A floating utopia (engineering details still to come) promises relief from climate change and ineffective government.
Papeete, Tahiti —With its erstwhile support from a Silicon Valley billionaire, crowdfunding campaign, and YouTube channel, the $60 million plan to float a settlement in a turquoise lagoon here puts out a postmillennial, high-tech vibe. Yet even as it adds “aquapreneur” to the start-up lexicon, the Floating Island Project invokes a history of breakaway waterborne societies stretching back to ancient Greece and the rise of Venice: It aims to be the first step in a worldwide creation of autonomous, sustainable, human habitats on the sea.
That audacious vision—a bring-your-own-land retort to central governments—has gelled into a design for 12 connected platforms south of this tropical French Polynesian capital, mentioned in works by Robert Louis Stevenson and Crosby, Stills & Nash, and in the classic surfer film The Endless Summer. Approved by the French Polynesian government as a special economic zone, it anticipates opening with up to 300 residents in 2020.
Floating infrastructure isn’t new. There are floating runways, beaches, bridges, roads, cruise ship piers, fish farms, and solar farms. But a floating community of homes, labs, and small companies is unprecedented, says Marc Collins, a former French Polynesia tourism minister. He is now managing director of Blue Frontiers, the Singapore-based start-up that is developing the project. “It’s massive on the engineering side. No one has ever put together anything like this before,” he says. Whether Blue Frontiers is up to the challenge—even if it can raise the money needed—is still a big question mark. Apart from architectural renderings, much of what the floating islands entail from a technical standpoint remains a work in progress.
‘This Isn’t a Dream’
Besides its utopian appeal as a self-governing entity, the floating island project presents itself as an environmental safety valve. As rising sea levels eat away at coastlines and urban quarters become cramped, finding living space in the 70 percent of Earth covered by water is a solution whose time has come, the project’s supporters say. “We must create space at sea,” Wang Chien Ming, a structural and civil engineer at University of Queensland in Australia, told a conference of sea-steading enthusiasts here last May: “This isn’t a dream; it can be a reality. I believe all of us will embrace floating structures eventually.”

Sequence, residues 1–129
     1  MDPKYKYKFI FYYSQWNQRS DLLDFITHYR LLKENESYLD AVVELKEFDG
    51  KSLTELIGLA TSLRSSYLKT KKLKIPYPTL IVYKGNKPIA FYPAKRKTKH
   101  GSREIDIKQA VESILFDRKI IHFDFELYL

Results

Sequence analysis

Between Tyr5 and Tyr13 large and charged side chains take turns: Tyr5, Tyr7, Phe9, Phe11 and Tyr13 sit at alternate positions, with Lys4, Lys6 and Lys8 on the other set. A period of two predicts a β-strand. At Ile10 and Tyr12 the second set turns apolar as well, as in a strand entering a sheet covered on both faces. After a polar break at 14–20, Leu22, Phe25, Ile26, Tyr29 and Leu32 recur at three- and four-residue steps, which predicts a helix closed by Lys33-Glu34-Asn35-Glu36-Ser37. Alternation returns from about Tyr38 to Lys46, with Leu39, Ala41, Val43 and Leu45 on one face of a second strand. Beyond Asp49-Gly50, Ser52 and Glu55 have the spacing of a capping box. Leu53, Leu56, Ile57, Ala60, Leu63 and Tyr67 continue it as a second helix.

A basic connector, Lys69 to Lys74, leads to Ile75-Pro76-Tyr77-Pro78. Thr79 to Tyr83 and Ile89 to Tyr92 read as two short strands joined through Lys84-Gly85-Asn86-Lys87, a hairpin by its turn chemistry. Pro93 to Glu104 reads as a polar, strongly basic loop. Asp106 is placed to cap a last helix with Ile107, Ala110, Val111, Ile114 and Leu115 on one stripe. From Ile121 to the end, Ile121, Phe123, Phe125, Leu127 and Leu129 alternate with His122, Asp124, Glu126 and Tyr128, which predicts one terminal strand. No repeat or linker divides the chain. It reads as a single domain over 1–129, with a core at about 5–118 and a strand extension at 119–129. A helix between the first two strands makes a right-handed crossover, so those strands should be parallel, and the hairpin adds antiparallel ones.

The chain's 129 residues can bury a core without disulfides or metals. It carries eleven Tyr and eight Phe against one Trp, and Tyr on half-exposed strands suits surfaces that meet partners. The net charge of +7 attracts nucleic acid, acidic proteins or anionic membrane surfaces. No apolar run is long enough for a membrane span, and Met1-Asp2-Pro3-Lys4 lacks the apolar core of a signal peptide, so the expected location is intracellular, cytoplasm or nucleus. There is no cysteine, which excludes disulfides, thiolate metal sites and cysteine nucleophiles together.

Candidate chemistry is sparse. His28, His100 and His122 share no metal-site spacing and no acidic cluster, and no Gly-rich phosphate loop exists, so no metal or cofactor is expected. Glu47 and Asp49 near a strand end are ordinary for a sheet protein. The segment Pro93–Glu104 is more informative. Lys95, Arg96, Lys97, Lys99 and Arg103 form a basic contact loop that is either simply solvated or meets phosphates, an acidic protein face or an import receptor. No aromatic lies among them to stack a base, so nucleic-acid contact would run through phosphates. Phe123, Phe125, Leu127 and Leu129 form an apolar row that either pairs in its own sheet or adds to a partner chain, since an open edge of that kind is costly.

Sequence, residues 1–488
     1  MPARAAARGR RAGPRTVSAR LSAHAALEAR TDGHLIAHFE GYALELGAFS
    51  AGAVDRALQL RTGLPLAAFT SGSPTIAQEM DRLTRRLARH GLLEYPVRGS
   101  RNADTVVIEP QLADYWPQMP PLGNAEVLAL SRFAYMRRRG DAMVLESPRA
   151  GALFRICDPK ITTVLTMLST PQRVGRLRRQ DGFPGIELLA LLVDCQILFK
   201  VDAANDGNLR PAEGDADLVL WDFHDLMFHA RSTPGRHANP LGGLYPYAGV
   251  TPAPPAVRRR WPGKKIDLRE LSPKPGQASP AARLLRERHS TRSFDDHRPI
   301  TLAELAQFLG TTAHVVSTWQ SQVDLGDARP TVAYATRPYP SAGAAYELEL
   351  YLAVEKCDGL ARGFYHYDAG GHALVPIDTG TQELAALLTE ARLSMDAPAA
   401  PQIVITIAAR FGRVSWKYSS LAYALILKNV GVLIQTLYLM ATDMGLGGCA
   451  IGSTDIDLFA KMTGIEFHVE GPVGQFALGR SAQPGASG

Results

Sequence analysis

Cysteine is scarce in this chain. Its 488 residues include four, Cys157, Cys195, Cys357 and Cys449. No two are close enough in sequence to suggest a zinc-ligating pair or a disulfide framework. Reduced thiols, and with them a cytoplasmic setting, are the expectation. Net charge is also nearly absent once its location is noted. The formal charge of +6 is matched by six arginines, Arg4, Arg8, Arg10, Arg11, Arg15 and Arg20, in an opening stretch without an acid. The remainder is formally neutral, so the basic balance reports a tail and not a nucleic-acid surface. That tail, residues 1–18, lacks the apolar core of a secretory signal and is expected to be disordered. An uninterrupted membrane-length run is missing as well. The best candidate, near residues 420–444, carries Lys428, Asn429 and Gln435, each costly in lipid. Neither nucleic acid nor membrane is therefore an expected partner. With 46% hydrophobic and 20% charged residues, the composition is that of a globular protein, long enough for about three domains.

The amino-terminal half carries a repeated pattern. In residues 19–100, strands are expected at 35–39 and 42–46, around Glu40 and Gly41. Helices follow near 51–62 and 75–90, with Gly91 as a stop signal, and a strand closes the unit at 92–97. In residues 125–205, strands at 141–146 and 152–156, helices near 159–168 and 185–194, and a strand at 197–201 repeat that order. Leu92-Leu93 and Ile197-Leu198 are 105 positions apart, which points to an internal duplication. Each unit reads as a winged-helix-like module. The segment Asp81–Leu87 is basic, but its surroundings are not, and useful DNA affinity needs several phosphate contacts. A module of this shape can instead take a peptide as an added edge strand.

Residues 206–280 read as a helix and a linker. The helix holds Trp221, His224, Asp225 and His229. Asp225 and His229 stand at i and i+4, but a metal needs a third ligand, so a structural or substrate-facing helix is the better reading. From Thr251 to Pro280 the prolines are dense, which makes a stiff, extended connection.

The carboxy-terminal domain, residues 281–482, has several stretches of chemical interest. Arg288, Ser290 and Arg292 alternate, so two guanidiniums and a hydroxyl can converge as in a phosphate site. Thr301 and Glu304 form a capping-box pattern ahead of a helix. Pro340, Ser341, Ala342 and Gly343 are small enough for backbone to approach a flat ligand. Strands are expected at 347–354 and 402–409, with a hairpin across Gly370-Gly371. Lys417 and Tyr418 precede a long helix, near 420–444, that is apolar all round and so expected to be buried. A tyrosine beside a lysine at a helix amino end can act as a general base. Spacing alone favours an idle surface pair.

Sea-steading began drawing wide attention in 2008, when PayPal cofounder Peter Thiel put up $1.7 million to help launch the California-based Seasteading Institute and promote development of civilizations on oceans. The big idea: to create more “conscious” and “balanced” settlements at sea where humans can peacefully coexist with the environment and each other. Thiel, an outspoken libertarian who backed Donald Trump for the presidency, is known for risky investments that in some cases—Facebook, Airbnb, SpaceX, and Lyft, among them—have succeeded spectacularly. In a 2009 article in a Cato Institute publication, Thiel wrote of sea-steading, “the technology involved is more tentative than the Internet, but much more realistic than space travel. We may have reached the stage at which it is economically feasible, or where it soon will be feasible.”
The institute failed to make headway with a 2010 San Francisco Bay prototype, and Thiel appears to have soured on the floating islands idea. “They’re not quite feasible from an engineering perspective,” Thiel told New York Times columnist Maureen Dowd last year. “That’s still very far in the future.” The institute pushed forward, however, and picked up momentum under a new president, Joe Quirk. With institute cofounder Patri Friedman, a former Google computer engineer, Quirk wrote Seasteading: How Floating Nations Will Restore the Environment, Enrich the Poor, Cure the Sick, and Liberate Humanity From Politicians. In a video on the origins of the Floating Island Project, Quirk cited antecedents among the thousand islands of ancient Greece, each with its own political system, and Venice, “a startup society, founded on the water, which was among the kingless self-governing city-states that kicked off the Italian Renaissance.”